The Supreme Court struck a blow for juvenile justice reform when it banned no parole life sentences for juvenile offenders who don’t kill. The 6 to 3 majority decision struck down life sentences without parole on the books in 37 states. Dozens of youths have been slapped with that draconian sentence. The lifetime no-parole sentence for a teen non-killer was by all legal and moral standards a travesty and a national embarrassment.
How embarrassing? No other nation on the planet, and that includes countries that are among the most notorious human rights violators, Iran, North Korean, and the Sudan, formally impose that harsh a penalty on youth whose crime did not involve murder. In 2005, the Supreme Court took a huge step toward joining nearly all nations on the globe in how it legally deals with juveniles when it banned teen executions.
But that ruling and the latest court ruling on life terms for juveniles is not nearly enough. The way the U.S. deals with teen offenders is still a national embarrassment and screams for more wide ranging reform. In 2008, Human Rights Watch, for instance, found that the number of juvenile offenders serving life-without-possibility-of-parole sentences is far larger than the number dealt with in the Supreme Court decision.
The Supreme Court decision scraps one type of sentence for young people. However, it does not bar prosecutors from seeking life terms for juveniles who are tried as adults, and courts from imposing those sentences on juveniles. And it does not mandate that prosecutors and courts instantly retry and re-sentence the large number of juveniles that are serving those sentences.
The stock argument against a blanket prohibition against the tough sentencing for juveniles tried and sentenced as adults is that violence is violence no matter the age of the perpetrator, and that the punishment must be severe to deter crime. Prosecutors and courts in the states that convict and impose no-parole life sentences and other long term sentences on juvenile offenders have vigorously rejected challenges that the sentences are a violation of the constitutional prohibition against cruel and unusual punishment.
Hollywood sensationalism and media-driven myths about rampaging youth — not to mention the very real horror stories of gang violence and young persons who do commit horrendous crimes — also reinforce the popular notion that juveniles are violent predators. This has done much to damp down public sentiment that juvenile offenders can be helped with treatment and rehabilitation and deserve a second chance rather than a prison cell for life.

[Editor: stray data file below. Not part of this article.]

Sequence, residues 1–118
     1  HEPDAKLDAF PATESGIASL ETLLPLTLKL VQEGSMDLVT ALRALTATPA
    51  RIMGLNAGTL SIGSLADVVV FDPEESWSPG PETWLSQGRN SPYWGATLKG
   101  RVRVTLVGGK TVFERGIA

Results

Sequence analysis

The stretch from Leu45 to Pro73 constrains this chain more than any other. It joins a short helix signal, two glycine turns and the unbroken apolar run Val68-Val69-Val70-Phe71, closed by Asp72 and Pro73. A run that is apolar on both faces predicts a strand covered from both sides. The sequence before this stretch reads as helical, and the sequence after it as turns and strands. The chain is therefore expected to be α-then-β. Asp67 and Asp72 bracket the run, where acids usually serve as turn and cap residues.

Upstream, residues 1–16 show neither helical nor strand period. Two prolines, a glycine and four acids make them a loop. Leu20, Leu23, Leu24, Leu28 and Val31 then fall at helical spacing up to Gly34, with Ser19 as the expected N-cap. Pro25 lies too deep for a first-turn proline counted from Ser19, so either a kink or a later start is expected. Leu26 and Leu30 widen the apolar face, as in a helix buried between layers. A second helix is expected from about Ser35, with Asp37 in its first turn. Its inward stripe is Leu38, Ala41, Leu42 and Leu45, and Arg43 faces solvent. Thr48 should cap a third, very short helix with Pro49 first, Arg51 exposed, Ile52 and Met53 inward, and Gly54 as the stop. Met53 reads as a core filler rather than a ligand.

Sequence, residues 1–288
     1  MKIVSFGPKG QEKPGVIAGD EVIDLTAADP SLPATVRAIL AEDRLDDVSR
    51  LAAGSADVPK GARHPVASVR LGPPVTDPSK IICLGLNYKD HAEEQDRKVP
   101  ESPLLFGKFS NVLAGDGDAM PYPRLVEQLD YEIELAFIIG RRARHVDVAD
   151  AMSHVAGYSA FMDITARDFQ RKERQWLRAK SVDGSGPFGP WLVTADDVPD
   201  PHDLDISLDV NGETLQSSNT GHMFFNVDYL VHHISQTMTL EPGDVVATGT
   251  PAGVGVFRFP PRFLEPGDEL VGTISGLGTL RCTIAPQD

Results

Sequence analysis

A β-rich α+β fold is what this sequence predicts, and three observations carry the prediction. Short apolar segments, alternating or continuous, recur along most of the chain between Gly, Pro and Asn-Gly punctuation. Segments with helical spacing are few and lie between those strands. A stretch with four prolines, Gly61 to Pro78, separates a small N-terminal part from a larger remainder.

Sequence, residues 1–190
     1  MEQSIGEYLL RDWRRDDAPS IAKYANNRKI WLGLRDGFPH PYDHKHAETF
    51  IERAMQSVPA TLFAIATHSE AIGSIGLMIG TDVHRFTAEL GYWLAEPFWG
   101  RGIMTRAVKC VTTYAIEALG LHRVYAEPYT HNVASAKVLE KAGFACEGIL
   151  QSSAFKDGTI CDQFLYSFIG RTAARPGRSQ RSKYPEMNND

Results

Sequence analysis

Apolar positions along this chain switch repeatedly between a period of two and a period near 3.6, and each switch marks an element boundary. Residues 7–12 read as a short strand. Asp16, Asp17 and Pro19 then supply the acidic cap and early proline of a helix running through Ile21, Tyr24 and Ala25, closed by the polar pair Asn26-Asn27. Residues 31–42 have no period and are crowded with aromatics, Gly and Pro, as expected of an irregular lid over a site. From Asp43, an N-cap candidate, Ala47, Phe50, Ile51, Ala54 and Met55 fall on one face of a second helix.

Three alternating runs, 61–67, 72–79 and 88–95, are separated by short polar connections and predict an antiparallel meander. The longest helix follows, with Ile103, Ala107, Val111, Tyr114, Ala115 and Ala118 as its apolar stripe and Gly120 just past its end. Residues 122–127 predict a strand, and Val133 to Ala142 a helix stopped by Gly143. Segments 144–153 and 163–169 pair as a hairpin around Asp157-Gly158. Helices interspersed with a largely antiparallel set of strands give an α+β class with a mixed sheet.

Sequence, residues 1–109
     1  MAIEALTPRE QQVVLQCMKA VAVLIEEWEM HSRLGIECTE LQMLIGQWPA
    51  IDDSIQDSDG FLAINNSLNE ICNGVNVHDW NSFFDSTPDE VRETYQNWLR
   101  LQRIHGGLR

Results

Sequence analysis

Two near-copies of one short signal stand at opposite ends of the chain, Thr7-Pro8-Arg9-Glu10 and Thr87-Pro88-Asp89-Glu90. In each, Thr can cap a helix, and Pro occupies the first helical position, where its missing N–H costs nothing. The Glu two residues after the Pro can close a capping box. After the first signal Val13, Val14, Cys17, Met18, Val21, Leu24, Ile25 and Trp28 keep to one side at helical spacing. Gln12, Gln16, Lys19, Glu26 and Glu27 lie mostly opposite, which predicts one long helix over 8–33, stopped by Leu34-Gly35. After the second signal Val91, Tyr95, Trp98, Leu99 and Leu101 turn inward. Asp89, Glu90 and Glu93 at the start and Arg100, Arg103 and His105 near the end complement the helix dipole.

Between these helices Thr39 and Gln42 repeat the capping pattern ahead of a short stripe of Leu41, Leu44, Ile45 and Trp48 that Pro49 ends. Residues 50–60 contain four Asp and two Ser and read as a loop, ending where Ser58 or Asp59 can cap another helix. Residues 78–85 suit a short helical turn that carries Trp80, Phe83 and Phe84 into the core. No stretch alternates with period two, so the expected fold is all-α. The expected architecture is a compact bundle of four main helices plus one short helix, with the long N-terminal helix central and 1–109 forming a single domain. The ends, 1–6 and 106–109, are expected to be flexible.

This is not to minimize the pain, suffering and trauma juvenile offenders cause with their crimes to victims and their loved ones. However, a society that slaps the irrevocable punishment of life without parole on juveniles sends the terrible message that it has thrown in the towel on turning the lives of young offenders around.
Supreme Court Justice Anthony Kennedy said as much in his majority opinion that scrapped teen executions. Kennedy noted that, “the punishment of life imprisonment without the possibility of parole is itself a severe sanction, in particular for a young person.” He also used virtually the same words when he noted in the majority ruling on banning no parole life terms for juveniles that the sentence deprives them of “an opportunity” for release.
Kennedy acknowledged, as have legions of child violence experts, that juveniles don’t have the same maturity, judgment, or emotional development as adults. Many child experts agree that children are not natural-born predators and that, if given proper treatment, counseling, skills training and education, most juvenile offenders can be turned into productive adults.
In a report on juveniles and the death penalty, Amnesty International found that a number of child offenders sentenced to death suffered severe physical or sexual abuse. Many others were alcohol or drug impaired or suffered from acute mental illness or brain damage. Nearly all were below average intelligence.
Some of the juvenile offenders were goaded, intimidated, or threatened with violence by adults who committed crimes and forced them to be their accomplices.
Then there’s the issue of race. The no-parole sentences are hardly race-neutral. Black teens are 10 times more likely to receive a no-parole life sentence than white youths. They are even more likely to get those sentences when their victims are white.
That was the case in the two Florida cases the Supreme Court based its decision on. These cases are often tried by all-white or mostly white juries. Those same juries seldom consider age as a mitigating factor. The racial gap between black and white juvenile offenders is vast and troubling.
The rush to toss the key on black juveniles has had terrible consequences in black communities. It has increased poverty, fractured families, and further criminalized a generation of young black men.
The Supreme Court in its decision to ban no parole life sentences recognized that a civilized nation can’t call itself that if it gives up hope on its very young. The next step is for the nation to recognize that as well.